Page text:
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28 Responses to Atmosphere’s emission fingerprint affected by how clouds are stacked

  1. Gary Pearse says:

    Nice to see some illustrations to assist with this uninformative prose. I’m sure some commenters will soon appear to make sense of this.

  2. Jimbo says:

    So many studies that missed the IPCC deadline. Is it toast? Clouds………….the fly in the ointment. Here is Hockeyschtick’s take on it.

    http://hockeyschtick.blogspot.com/2013/08/why-forthcoming-un-ipcc-report-is.html

  3. Claude Harvey says:

    Once again, it’s a “computer simulation”. Unless such simulations (of all stripes) are verified by physical experimentation and measurement, they are little more than figments of the simulators’ imaginations.

  4. Ric Werme says:

    > We first show that the OLR (outgoing longwave radiation) computed from this OSSE is consistent with the OLR directly output from the parent large-scale models.

    I’d be more impressed with this attempt to better understand the effects of clouds if they included some actual observations, especially since the “parent large-scale models” aren’t doing so well.

  5. Bruce Cobb says:

    In other words, the models are complete junk. Yeah, we knew that.

  6. Theo Goodwin says:

    “The authors tested three approaches to parameterize cloud stacking and find that the differences in stacking assumptions affected the modeled global mean for outgoing longwave radiation by only a few watts per square meter… However, based on which parameterization is used, similar changes in the portion of the sky covered by clouds (especially the clouds in the middle and lower troposphere) can lead to spectral fingerprints that differ by up to a factor of two in the amplitude.”

    All we learn here is that some climate modelers have discovered that different ways of representing clouds in their models can cause a variation in the estimate of outgoing longwave radiation that escapes Earth’s atmosphere and that the variation can be as much as a factor of 2, depending on the very vaguely described “similar changes in the portion of the sky covered by clouds.”

    It is good that climate modelers have finally gotten around to studying their different ways of representing clouds and the impacts on estimates of longwave radiation escaping into space. One wishes that they would have done this kind of work long before they started yelling “global warming will kill us all.”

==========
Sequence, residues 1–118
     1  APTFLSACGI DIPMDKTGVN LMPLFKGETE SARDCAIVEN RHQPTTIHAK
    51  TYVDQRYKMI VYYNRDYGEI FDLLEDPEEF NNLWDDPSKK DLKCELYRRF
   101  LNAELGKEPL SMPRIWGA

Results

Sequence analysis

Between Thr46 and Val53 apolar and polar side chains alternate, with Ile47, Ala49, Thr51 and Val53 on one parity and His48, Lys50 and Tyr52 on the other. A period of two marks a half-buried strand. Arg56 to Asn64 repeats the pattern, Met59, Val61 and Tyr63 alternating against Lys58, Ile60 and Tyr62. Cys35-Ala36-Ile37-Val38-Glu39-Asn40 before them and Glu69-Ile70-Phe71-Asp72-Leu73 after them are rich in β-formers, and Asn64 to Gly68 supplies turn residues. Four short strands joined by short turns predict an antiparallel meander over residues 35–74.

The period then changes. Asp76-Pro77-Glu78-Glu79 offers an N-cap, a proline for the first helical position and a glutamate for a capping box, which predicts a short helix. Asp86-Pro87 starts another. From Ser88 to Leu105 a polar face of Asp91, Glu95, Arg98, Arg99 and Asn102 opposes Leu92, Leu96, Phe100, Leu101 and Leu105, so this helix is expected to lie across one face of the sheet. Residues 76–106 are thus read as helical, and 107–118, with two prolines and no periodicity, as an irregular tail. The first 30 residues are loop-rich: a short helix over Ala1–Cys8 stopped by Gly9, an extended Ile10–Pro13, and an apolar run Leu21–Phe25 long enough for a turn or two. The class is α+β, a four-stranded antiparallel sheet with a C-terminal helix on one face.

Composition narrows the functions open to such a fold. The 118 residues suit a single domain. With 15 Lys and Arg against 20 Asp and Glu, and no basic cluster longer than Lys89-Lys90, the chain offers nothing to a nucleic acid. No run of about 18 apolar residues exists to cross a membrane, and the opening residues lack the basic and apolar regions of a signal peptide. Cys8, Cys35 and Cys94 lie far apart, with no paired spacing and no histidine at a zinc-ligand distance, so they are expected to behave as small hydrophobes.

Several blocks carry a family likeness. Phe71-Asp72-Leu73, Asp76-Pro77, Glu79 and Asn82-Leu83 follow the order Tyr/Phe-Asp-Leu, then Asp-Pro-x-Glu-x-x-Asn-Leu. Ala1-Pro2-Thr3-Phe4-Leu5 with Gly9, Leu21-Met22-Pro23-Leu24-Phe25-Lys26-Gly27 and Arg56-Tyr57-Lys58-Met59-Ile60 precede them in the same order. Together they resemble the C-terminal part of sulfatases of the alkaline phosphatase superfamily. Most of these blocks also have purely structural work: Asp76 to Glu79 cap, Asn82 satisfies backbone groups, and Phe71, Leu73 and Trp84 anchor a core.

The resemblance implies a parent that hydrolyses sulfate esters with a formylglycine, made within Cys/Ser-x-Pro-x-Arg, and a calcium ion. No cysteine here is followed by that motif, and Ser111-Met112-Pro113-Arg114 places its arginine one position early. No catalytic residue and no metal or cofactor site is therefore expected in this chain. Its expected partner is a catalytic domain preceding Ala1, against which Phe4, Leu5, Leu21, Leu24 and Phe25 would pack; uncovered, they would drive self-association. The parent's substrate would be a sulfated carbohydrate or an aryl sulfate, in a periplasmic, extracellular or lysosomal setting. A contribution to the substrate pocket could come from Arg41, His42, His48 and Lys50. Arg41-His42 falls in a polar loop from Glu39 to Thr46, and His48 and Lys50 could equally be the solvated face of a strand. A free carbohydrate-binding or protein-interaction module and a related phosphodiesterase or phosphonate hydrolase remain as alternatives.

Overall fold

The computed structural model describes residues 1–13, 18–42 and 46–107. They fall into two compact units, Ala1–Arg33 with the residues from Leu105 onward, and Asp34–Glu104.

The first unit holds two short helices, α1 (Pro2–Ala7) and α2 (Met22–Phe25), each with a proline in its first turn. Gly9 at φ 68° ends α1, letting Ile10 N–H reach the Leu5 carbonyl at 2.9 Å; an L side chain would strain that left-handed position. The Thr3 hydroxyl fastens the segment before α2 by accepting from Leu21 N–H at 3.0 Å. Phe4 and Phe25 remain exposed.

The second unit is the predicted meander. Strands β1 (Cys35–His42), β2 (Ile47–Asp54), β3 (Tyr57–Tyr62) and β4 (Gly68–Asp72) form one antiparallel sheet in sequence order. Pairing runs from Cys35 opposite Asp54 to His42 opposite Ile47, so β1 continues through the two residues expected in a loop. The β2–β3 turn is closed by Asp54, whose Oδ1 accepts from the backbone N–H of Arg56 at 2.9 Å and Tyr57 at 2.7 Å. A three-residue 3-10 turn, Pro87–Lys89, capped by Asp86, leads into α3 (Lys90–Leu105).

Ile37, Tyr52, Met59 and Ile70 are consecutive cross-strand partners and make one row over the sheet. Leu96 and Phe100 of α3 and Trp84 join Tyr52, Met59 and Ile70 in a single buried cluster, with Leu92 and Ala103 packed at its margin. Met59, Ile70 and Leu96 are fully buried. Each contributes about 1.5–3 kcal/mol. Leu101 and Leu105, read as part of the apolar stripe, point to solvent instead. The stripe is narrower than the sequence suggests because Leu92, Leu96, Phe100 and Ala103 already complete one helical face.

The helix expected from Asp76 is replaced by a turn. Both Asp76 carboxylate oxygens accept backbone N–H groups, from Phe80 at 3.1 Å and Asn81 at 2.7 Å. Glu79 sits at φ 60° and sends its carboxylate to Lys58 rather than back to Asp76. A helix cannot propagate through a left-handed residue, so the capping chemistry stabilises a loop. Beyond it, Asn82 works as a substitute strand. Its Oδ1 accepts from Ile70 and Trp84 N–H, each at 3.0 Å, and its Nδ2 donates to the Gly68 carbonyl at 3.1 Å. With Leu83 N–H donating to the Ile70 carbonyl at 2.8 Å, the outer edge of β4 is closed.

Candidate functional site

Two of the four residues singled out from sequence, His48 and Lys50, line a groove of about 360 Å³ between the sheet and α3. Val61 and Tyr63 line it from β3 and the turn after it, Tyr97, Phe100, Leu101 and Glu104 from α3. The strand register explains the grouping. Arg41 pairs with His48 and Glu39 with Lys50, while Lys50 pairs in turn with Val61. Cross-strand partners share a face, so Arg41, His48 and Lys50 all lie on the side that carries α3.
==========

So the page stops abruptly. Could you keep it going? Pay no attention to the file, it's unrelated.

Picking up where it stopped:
Maybe someday they will actually begin empirical studies and launch instruments that can give them accurate information about clouds. That might happen sometime before 2100. Until they do that, could they please stop pushing CAGW?

  7. Joe Crawford says:

    At least a few are still trying to understand clouds. Of course with 97% agreeing the science is settled why bother.

    But, maybe, just for the heck of it, some lone GCM programmer, stuck on the Dog Watch with nothing better to do, might eventually try adding Willis’ ITCZ Cloud Governor to his model just to see the effect. Willis has published enough data on it to get a good start, and, they might even learn something. But, then again, with the science settled, why bother.

  8. taxed says:

    Why are these people not able to speak in plain simple english.
    My keen interest in the weather has made me noticed that there has been a increase in both wind shear and capping over recent years in the sky’s above the UK. By looking at the satellite images this seems to be happening across the globe as well. To my own mind l think this is linked to the weaker jet and maybe a reason for the lack of warming and lower hurricane activity in recent years.

  9. Theo Goodwin says:

    Joe Crawford says:
    August 31, 2013 at 3:44 pm

    Willis has stated a perfectly good hypothesis about cloud reaction to increasing temperatures. According to Willis, clouds start forming earlier in the tropics and increase albedo which decreases energy from the sun. Testing this hypothesis would be really easy. On the budget plan, station cameras on the Virgin Islands and see if the earlier cloud formation can be spotted. Come on, Climate science, do an experiment for the Gipper.

  10. Mike Bromley the Kurd says: